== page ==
Eric Patten,


There was a point in the Playoffs when Chris Paul morphed into a defensive stopper.

He has always been considered a top-flight defender. He’s led the league in steals per game six times, including this season (2.48 per game) and Monday was announced as First Team member of the NBA’s All-Defensive team for the third consecutive season.

But what Paul did in the opening round of the Playoffs was the kind of performance that has usually been reserved for specialists like Tony Allen and Bruce Bowen. Paul ceded some of his offensive output and stifled Stephen Curry, hounding him into 44 percent shooting and 3.7 turnovers per game and allowing 17 points or fewer in three games and just 7-for-17 from the field in Game 7.

Former Warriors head coach Mark Jackson called Paul an “elite” defender. And several of Paul’s teammates marveled at the work he did against one of the league’s most dynamic scoring point guards.

Paul’s work against Curry magnified what he’s capable of defensively. He’s not simply a master of passing lanes. He prepares diligently. His attention to detail seemingly allows him to know opposing teams’ play as well as anyone on the court.

The Clippers were two points per 100 possessions better defensively with Paul on the floor in the regular season. He had 11 games with four steals or more and was one of the primary reasons the Clippers led the NBA in points off turnovers. To some extent, as much as teams game-planned for the league’s best point guard, they also had to plan for how to avoid him heading the fast-break fueled offense the Clippers thrived in.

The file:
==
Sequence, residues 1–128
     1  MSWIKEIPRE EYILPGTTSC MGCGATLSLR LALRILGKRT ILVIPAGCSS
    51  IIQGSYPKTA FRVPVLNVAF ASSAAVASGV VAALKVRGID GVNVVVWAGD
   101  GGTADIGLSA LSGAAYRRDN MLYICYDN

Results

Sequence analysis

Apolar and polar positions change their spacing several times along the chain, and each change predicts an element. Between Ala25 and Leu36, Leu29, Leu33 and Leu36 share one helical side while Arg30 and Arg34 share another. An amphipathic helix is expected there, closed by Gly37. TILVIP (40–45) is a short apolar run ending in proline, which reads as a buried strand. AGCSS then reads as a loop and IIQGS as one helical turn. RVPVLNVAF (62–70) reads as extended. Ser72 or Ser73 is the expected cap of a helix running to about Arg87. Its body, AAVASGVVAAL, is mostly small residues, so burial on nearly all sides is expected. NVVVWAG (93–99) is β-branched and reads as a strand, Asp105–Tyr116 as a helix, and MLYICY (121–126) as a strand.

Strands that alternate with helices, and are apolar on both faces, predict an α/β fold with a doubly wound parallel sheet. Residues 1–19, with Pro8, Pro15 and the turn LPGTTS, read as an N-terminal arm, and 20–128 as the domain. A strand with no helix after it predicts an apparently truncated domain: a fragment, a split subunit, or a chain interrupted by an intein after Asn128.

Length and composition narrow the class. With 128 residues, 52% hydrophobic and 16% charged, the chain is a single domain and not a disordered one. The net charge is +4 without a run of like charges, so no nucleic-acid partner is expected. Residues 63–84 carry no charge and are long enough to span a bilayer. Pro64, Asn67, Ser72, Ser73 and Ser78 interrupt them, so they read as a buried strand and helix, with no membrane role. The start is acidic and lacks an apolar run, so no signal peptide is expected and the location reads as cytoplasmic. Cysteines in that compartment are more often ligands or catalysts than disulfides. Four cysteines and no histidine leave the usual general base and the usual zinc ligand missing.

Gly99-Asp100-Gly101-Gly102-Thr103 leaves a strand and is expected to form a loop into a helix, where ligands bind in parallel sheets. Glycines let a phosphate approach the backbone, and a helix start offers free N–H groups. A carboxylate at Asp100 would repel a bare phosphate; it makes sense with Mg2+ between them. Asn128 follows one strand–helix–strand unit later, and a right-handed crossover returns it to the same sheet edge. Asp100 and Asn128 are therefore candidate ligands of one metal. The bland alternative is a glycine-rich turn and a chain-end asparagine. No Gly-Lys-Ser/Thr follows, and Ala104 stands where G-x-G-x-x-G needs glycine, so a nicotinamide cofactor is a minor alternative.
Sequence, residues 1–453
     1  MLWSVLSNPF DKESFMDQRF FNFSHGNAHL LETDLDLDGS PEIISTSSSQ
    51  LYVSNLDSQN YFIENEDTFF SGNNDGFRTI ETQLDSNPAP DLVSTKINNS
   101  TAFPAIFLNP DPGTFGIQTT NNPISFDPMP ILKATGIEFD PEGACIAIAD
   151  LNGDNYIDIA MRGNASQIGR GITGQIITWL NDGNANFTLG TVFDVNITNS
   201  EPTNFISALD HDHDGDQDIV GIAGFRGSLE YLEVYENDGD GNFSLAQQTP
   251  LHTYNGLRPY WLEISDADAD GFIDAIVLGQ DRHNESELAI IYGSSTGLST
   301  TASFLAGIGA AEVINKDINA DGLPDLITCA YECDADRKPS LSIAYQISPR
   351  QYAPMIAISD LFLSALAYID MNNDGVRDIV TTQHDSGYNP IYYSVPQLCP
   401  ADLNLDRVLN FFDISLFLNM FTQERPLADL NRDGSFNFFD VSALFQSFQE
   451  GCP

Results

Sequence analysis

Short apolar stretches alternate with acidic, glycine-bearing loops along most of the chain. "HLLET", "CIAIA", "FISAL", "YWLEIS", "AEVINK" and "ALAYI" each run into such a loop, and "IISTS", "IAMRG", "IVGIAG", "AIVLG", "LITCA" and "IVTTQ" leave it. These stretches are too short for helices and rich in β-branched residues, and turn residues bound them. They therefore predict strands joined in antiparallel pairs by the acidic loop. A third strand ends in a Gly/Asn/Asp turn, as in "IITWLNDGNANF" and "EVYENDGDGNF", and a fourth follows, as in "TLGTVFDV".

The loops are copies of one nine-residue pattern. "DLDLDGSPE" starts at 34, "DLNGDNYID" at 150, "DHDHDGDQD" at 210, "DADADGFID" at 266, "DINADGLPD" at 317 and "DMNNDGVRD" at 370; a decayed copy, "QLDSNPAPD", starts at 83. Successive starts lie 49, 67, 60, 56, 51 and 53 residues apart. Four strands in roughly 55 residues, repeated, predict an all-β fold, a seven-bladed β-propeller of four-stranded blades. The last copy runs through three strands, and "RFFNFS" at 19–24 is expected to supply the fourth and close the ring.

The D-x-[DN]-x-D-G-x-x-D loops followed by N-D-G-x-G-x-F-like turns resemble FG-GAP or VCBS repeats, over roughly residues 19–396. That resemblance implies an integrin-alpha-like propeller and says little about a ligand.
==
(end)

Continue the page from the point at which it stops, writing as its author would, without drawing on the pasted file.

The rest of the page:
Back in December, before Paul missed a month with a separated shoulder, he effectively shut down opposing point guards, including fellow All-Stars Damian Lillard and Curry, in five straight games. Asked about the stretch of dominance defensively, Paul said, “My priority is the defensive end and trying to make sure these guys don’t get going.”

It carried over beyond the regular season, and for the third season in a row, and sixth time overall in his career, voters recognized that priority as well.